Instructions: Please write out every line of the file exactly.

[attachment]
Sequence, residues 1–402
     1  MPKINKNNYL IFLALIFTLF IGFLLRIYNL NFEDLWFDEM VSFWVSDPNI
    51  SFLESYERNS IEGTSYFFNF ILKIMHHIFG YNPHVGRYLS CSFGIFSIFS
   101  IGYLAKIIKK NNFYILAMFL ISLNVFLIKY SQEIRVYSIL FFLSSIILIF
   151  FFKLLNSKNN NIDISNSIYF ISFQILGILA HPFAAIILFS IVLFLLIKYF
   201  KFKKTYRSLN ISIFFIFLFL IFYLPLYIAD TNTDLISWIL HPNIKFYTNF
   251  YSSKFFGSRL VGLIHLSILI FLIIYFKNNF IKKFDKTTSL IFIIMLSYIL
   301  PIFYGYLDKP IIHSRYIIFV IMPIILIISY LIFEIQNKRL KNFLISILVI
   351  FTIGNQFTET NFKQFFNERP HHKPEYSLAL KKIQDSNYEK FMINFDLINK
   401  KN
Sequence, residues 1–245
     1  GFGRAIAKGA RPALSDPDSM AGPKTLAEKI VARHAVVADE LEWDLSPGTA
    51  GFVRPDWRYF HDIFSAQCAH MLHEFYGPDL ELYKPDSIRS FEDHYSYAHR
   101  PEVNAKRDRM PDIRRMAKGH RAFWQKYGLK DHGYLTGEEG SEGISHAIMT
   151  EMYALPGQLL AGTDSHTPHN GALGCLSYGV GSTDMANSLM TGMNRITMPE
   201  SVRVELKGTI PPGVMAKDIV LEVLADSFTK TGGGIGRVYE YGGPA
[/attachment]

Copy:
Sequence, residues 1–402
     1  MPKINKNNYL IFLALIFTLF IGFLLRIYNL NFEDLWFDEM VSFWVSDPNI
    51  SFLESYERNS IEGTSYFFNF ILKIMHHIFG YNPHVGRYLS CSFGIFSIFS
   101  IGYLAKIIKK NNFYILAMFL ISLNVFLIKY SQEIRVYSIL FFLSSIILIF
   151  FFKLLNSKNN NIDISNSIYF ISFQILGILA HPFAAIILFS IVLFLLIKYF
   201  KFKKTYRSLN ISIFFIFLFL IFYLPLYIAD TNTDLISWIL HPNIKFYTNF
   251  YSSKFFGSRL VGLIHLSILI FLIIYFKNNF IKKFDKTTSL IFIIMLSYIL
   301  PIFYGYLDKP IIHSRYIIFV IMPIILIISY LIFEIQNKRL KNFLISILVI
   351  FTIGNQFTET NFKQFFNERP HHKPEYSLAL KKIQDSNYEK FMINFDLINK
   401  KN
Sequence, residues 1–245
     1  GFGRAIAKGA RPALSDPDSM AGPKTLAEKI VARHAVVADE LEWDLSPGTA
    51  GFVRPDWRYF HDIFSAQCAH MLHEFYGPDL ELYKPDSIRS FEDHYSYAHR
   101  PEVNAKRDRM PDIRRMAKGH RAFWQKYGLK DHGYLTGEEG SEGISHAIMT
   151  EMYALPGQLL AGTDSHTPHN GALGCLSYGV GSTDMANSLM TGMNRITMPE
   201  SVRVELKGTI PPGVMAKDIV LEVLADSFTK TGGGIGRVYE YGGPA